Virginia Commonwealth University researchers have found high levels of a potentially liver-damaging toxin in blue crabs in the James River.
The high toxin levels turned up in August 2012 during the first year of a three-year, $3 million study of harmful algae in the tidal James, said Paul Bukaveckas, a VCU river ecologist involved in the study.
The toxin, called microcystin, is produced by a harmful type of blue-green algae. Bukaveckas, who leads the freshwater portion of the study, disclosed the findings in recent interviews with the Richmond Times-Dispatch.
State officials say the public is not in danger.
"We do not have any reason to believe that current microcystin levels in the James River present a health threat," said Rebecca LePrell, the Virginia Department of Health's director of environmental epidemiology.
She added: "It is a noteworthy finding, and we would be interested in having more samples collected to further assess any potential risk." The study is continuing.
Bukaveckas acknowledged that his expertise lies in river health and not human health.
"The only thing I can say is that in crab muscle tissue in certain times of the year, the toxins build up to levels that the World Health Organization considers unsafe for consumption."
Blue crabs are Virginia's top commercial seafood catch and produced a $24 million harvest last year.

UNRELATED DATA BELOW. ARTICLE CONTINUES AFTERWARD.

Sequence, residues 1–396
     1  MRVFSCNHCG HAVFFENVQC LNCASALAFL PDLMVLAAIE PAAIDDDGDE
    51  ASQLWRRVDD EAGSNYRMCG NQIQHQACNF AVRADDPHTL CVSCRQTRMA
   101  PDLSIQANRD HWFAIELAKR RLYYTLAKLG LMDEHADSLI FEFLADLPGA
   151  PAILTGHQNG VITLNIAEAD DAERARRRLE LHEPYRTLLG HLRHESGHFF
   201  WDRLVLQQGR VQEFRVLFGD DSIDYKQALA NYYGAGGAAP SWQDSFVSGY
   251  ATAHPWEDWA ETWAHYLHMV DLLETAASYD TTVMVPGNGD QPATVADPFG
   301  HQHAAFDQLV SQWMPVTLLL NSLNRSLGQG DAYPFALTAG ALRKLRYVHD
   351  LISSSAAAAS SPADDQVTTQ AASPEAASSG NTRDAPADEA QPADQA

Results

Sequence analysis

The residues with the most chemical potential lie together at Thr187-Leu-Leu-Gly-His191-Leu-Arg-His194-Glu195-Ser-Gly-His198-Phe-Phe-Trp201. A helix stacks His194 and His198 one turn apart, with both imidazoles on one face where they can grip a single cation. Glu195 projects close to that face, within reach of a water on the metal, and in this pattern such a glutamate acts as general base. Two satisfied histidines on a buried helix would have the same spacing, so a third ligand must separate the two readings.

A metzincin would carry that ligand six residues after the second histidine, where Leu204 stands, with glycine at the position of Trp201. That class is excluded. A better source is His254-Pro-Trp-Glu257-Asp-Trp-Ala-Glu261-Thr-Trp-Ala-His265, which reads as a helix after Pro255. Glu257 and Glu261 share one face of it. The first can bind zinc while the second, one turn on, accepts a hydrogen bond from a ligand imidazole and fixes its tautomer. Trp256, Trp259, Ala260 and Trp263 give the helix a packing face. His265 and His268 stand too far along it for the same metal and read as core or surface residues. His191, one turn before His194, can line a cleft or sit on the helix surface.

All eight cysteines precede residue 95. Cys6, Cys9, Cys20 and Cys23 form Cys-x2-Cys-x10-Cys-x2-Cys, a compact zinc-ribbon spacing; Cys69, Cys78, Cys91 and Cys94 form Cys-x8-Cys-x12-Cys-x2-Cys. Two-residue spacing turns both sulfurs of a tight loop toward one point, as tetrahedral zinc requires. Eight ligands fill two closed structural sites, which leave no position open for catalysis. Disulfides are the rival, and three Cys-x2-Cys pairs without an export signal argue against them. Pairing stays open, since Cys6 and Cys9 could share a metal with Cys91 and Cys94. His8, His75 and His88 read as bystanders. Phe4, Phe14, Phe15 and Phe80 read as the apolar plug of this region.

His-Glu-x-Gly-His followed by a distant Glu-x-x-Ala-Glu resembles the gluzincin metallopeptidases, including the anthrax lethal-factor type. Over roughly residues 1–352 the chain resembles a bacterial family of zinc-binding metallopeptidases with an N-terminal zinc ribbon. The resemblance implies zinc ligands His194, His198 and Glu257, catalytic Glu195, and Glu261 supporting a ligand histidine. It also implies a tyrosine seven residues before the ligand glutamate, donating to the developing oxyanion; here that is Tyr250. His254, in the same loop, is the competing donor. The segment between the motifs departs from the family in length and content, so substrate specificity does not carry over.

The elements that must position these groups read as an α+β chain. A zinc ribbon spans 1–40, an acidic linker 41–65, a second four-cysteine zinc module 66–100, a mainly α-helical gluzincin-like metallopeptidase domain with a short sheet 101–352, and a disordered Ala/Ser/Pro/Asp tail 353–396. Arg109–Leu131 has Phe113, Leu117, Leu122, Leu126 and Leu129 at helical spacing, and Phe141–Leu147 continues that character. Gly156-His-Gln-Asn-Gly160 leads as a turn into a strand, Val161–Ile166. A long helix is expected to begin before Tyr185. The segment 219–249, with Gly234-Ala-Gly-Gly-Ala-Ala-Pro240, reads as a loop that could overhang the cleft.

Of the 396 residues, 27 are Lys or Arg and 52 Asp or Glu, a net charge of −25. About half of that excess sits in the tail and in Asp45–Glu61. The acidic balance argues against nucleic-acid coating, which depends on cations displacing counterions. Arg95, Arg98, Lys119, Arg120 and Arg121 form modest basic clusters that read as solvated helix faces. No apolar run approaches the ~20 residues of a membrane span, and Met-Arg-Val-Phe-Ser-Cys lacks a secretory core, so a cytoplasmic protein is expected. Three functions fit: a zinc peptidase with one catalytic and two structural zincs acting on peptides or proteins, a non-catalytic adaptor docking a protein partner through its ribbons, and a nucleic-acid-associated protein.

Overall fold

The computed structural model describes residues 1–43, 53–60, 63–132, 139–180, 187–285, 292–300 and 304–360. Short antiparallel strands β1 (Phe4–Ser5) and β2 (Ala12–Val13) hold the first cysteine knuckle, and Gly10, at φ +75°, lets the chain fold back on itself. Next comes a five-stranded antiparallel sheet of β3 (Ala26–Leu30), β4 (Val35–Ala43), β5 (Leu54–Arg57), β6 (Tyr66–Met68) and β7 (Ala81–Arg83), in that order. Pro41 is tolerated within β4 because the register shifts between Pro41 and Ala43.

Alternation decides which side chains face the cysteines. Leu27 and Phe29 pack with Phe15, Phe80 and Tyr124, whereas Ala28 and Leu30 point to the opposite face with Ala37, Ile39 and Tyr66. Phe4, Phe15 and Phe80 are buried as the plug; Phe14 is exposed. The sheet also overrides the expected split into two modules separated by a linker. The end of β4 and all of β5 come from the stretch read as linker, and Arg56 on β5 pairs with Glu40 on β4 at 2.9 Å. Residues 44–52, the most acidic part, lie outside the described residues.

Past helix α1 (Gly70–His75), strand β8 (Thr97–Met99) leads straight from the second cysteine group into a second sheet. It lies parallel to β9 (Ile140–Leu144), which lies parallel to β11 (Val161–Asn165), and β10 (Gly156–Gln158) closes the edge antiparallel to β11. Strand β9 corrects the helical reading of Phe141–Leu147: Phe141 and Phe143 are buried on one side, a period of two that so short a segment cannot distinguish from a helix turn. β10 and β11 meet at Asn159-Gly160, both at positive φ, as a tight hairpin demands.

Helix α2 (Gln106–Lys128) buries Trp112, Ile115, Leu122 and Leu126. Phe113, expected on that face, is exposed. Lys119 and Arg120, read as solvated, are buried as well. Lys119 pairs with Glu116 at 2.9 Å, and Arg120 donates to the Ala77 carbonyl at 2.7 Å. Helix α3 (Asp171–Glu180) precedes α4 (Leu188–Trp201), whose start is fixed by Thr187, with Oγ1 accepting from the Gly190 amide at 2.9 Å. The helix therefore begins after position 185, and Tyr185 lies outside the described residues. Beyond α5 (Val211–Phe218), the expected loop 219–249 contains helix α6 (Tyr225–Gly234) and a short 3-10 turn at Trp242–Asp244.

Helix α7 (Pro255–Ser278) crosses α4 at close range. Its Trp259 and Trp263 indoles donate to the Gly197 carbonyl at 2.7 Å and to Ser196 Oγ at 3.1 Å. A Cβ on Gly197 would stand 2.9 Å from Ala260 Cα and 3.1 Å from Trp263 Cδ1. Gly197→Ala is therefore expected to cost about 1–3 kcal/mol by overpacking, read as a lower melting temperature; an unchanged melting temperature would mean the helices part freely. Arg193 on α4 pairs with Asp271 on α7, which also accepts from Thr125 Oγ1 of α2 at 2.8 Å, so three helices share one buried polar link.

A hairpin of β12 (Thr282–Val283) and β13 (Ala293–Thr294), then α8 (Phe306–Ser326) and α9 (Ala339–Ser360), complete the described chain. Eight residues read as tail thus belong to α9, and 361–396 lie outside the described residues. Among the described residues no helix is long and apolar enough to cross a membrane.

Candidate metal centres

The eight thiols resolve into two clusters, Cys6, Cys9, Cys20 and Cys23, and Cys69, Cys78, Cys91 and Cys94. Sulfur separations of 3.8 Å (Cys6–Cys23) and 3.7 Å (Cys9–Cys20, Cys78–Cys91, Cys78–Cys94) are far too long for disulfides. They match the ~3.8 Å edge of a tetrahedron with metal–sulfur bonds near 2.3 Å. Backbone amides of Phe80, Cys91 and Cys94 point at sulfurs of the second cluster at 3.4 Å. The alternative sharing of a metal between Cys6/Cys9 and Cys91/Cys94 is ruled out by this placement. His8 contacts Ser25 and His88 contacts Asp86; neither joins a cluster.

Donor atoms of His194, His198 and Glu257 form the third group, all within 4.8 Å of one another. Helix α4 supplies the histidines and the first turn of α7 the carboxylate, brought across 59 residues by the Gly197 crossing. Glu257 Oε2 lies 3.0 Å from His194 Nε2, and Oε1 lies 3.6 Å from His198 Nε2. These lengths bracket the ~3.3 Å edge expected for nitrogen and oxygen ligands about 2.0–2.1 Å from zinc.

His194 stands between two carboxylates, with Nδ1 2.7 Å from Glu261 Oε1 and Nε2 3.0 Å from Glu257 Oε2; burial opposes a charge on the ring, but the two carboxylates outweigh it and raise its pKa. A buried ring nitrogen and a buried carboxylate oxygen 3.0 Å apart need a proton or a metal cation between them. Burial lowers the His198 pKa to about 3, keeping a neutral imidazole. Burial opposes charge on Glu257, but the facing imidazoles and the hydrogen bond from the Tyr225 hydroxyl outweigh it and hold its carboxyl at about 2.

"Consumers can be utterly confident that the product they are purchasing is of the highest quality," said John Bull, a spokesman for the Virginia Marine Resources Commission, which manages fish in Virginia's tidal waters.
Harmful algae, and the toxins they produce, are a growing concern worldwide. A toxin is a poison produced by living things.
The microcystin toxin is widespread in the tidal, freshwater James, a roughly 62-mile stretch from the Chickahominy River to the falls at Richmond. Concentrations peak in water and in crabs in mid- to late summer, when the algae that create the toxin flourish.
Bukaveckas has found the toxin in crabs again this summer, but not at high concentrations. "We have only run samples through July, so we are just now getting into the period where we would expect to see the highest toxin levels."
Few if any states have health-based limits for the microcystin toxin in crabmeat, experts say. There are no federal limits, either.
But Bukaveckas said the average toxin concentration found in crabs last August was 50 percent higher than the safety level in guidelines from the World Health Organization, or WHO, an arm of the United Nations.
LePrell, of the health department, said the WHO guidelines are based on liver studies on mice.
"At this time, no human studies have demonstrated that people can become ill from ingesting shellfish tissue containing microcystin," she said. "I am a proponent of further research" on the issue.
She added that "microcystin does not remain in edible fish and shellfish tissue for more than a few weeks."
Greg Garman, a VCU fish ecologist involved in the study, said there is little or no commercial harvesting of crabs in the freshwater study area.
The key questions, Garman said, are whether the toxin also becomes high in crabs in the salty James downriver, where there is considerable harvesting, and whether the toxin is high for more than a few weeks a year.
"It's too soon at this time to make any definitive statement about the potential for microcystin to have a negative effect on the blue crab fishery," Garman said.